Held–Hou Model

The Held–Hou Model is a model for the Hadley circulation of the atmosphere that would exist in the absence of atmospheric turbulence. The model was developed by Isaac Held and Arthur Hou in 1980.[1]

The essence of the model is that air rising from the surface at the equator conserves its angular momentum as it moves poleward. This distribution of wind, in turn, determines the distribution of temperature, which determines the latitudinal extent of the circulation by requiring energy conservation. This stands in contrast to George Hadley's original conception of the circulation, which he argued reached the poles. The Hadley circulation has a cooling effect at and near the equator and a warming effect at higher latitudes within the Hadley Cell. This energy transport can be converted into a mass transport, to determine the strength of the circulation, by normalizing by the appropriate vertical stability. The effects of moisture and seasons on the model have been studied.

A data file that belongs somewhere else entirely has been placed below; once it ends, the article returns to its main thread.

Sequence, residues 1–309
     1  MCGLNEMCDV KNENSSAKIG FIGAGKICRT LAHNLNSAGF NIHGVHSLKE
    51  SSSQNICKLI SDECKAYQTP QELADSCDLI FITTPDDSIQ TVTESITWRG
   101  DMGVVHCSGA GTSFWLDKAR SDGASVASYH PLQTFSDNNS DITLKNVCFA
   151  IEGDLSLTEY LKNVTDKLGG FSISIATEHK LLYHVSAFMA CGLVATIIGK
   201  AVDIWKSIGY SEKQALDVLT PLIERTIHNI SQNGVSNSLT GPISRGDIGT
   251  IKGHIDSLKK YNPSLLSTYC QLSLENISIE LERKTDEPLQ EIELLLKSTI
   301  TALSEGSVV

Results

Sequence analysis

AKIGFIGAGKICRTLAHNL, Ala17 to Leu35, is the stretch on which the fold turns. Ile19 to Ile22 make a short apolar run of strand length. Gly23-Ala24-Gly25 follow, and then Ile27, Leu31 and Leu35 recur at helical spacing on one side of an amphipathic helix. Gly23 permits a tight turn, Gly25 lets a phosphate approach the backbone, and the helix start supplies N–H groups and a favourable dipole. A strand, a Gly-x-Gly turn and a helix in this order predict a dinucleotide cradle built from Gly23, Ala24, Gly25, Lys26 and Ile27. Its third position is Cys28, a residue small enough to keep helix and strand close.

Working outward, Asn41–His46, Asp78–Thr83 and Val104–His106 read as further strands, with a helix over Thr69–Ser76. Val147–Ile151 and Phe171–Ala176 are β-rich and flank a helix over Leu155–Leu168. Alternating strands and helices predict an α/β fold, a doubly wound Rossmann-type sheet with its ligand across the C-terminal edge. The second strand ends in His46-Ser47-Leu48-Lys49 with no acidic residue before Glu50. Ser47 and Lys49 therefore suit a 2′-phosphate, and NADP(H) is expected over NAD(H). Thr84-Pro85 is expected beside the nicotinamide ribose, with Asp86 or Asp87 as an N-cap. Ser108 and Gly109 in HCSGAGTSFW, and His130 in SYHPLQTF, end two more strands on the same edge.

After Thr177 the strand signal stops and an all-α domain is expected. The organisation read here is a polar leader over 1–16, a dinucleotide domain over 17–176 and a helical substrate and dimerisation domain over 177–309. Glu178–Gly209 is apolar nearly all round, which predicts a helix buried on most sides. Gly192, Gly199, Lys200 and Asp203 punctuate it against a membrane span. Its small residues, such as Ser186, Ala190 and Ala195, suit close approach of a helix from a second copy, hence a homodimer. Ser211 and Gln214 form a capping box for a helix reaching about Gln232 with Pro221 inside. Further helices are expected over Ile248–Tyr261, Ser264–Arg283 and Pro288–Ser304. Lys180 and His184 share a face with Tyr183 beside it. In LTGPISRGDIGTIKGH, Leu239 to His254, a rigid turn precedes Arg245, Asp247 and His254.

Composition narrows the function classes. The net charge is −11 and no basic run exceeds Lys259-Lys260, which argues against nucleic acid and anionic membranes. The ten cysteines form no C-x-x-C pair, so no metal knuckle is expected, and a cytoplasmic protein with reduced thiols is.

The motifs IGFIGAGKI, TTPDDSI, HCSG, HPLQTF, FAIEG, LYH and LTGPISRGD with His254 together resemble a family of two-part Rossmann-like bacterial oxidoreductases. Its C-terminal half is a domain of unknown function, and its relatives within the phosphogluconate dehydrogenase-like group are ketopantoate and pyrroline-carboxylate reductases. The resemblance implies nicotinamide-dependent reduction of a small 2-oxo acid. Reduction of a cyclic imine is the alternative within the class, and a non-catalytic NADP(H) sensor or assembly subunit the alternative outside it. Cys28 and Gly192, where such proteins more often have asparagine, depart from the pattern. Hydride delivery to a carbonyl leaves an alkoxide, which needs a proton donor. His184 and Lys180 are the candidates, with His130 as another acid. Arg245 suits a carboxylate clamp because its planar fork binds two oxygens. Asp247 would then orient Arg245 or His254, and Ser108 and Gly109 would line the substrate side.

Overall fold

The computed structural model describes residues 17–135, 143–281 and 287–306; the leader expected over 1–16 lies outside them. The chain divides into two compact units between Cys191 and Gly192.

Earth's atmosphere violates the underlying assumptions of the model: angular momentum is not conserved and the tropical atmosphere is not energetically closed.[2] As such, the Held–Hou model is a conceptual model that does not make quantitatively accurate predictions of the sensitivity of the Hadley circulation to changes in atmospheric parameters.


This article is issued from Wikipedia. The text is licensed under Creative Commons - Attribution - Sharealike. Additional terms may apply for the media files.